Havana is packed with Cuban Americans staggering under loads of cheap bling and stories of their high life in the US and elsewhere, when in actually they’re living in a crap apartment, buried in debit and slaving away at some horrible job.

      You’d never know it to look at them though.

      Reply
      • Wow? Finally a comment from you that I agree with.

        Reply
      • I agree. Totally true. Cuba looks very good after cleaning toilets for American racists who pay minimum wage. When you can’t afford a mango or an avocado, and a coffee costs $2US, and health insurance is unaffordable, the US is only for the wealthy.

        Reply
        • But equally Manuel Ortega, Cuba is only for the poor ‘mass’. There is no provision for individuality. As for the Cuban toilets! How would you describe them?
          A coffee in Cuba costs 8-12 pesos (El Rapido) a mango 5 pesos and an avocado 5 pesos. Combined that totals 22 pesos which equals one days pay. So, in the US a coffee costs $2, a mango 80 cents and an avocado 75 cents -total $3.55. That equals a fraction of one hours pay.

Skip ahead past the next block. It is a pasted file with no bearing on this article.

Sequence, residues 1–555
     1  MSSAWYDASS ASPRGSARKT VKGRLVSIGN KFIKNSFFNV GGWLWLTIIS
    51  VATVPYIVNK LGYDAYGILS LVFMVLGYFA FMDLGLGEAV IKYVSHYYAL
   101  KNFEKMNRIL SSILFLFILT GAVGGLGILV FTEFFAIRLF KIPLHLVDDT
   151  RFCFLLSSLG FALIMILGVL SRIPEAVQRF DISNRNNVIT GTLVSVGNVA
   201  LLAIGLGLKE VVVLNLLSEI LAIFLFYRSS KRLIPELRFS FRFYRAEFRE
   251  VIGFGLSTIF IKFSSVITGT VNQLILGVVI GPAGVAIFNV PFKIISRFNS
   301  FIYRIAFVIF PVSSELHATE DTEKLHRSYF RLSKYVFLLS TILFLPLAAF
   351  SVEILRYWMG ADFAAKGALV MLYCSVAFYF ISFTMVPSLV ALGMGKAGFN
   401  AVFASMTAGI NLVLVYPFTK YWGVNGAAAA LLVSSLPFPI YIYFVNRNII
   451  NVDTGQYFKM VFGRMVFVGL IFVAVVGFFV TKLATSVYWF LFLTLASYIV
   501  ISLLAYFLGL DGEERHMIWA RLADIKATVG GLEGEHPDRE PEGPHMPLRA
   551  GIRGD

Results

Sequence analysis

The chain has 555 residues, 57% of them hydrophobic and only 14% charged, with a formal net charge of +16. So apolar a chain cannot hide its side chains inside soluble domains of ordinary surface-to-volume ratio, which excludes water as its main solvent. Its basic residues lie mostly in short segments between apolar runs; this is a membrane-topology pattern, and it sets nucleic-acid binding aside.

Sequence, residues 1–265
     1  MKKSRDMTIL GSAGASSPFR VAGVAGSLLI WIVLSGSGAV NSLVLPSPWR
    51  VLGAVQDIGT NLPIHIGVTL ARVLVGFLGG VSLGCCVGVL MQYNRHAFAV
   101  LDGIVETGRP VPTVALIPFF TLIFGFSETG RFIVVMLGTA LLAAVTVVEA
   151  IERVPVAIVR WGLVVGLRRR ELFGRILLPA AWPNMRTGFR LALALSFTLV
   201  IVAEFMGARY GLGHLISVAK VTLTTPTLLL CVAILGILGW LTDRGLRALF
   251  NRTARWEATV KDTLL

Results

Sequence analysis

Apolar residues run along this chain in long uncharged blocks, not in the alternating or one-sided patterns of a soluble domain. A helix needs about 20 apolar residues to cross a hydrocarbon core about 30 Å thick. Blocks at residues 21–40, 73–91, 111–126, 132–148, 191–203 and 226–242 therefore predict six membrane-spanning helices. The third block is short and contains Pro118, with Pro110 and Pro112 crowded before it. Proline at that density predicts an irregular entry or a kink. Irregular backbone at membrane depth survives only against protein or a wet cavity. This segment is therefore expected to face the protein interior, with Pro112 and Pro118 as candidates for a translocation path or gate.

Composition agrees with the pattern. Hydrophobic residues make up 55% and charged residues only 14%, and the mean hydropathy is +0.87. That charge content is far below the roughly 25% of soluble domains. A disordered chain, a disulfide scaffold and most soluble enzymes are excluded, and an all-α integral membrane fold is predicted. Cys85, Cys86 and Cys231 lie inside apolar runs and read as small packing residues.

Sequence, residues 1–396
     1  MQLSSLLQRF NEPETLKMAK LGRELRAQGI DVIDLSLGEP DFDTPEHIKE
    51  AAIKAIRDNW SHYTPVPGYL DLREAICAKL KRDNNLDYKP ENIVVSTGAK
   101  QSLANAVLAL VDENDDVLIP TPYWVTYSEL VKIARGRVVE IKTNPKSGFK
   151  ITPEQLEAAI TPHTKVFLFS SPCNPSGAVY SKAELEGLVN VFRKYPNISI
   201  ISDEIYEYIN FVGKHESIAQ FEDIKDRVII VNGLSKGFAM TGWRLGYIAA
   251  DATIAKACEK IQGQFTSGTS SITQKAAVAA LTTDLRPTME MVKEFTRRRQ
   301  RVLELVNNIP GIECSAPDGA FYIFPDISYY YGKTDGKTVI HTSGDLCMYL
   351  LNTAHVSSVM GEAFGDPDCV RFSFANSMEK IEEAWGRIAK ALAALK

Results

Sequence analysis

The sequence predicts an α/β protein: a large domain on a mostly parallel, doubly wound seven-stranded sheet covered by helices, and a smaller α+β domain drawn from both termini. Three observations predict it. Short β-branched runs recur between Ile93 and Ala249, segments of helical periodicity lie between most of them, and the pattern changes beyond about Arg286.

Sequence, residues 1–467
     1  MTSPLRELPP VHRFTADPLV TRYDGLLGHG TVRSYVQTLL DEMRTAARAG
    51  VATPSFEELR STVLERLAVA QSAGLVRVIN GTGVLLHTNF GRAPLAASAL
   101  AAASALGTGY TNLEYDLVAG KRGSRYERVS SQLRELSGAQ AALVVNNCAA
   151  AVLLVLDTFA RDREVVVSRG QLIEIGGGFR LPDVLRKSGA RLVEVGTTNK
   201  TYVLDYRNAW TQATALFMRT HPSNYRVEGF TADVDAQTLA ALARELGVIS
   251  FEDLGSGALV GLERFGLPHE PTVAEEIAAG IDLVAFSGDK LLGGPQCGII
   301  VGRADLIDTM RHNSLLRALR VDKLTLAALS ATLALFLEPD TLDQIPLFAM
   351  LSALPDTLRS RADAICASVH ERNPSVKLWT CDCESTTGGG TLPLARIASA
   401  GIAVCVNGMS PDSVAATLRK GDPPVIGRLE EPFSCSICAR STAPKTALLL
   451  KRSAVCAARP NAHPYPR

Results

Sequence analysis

I am not praising the USA, just pointing out reality for average Cubans.

          Reply
        • If the US is so racist then don’t come here! We’re the only country that up until a couple of months ago gave Cuban’s automatic citizenship. Sounds like a pretty strange policy for a “racist” country to have.

          Reply
      • It is so true. They go to rental shops in Miami and rent all the bling they can get their hands on to impress their families and friends in Cuba. They don’t realize they are fooling no-one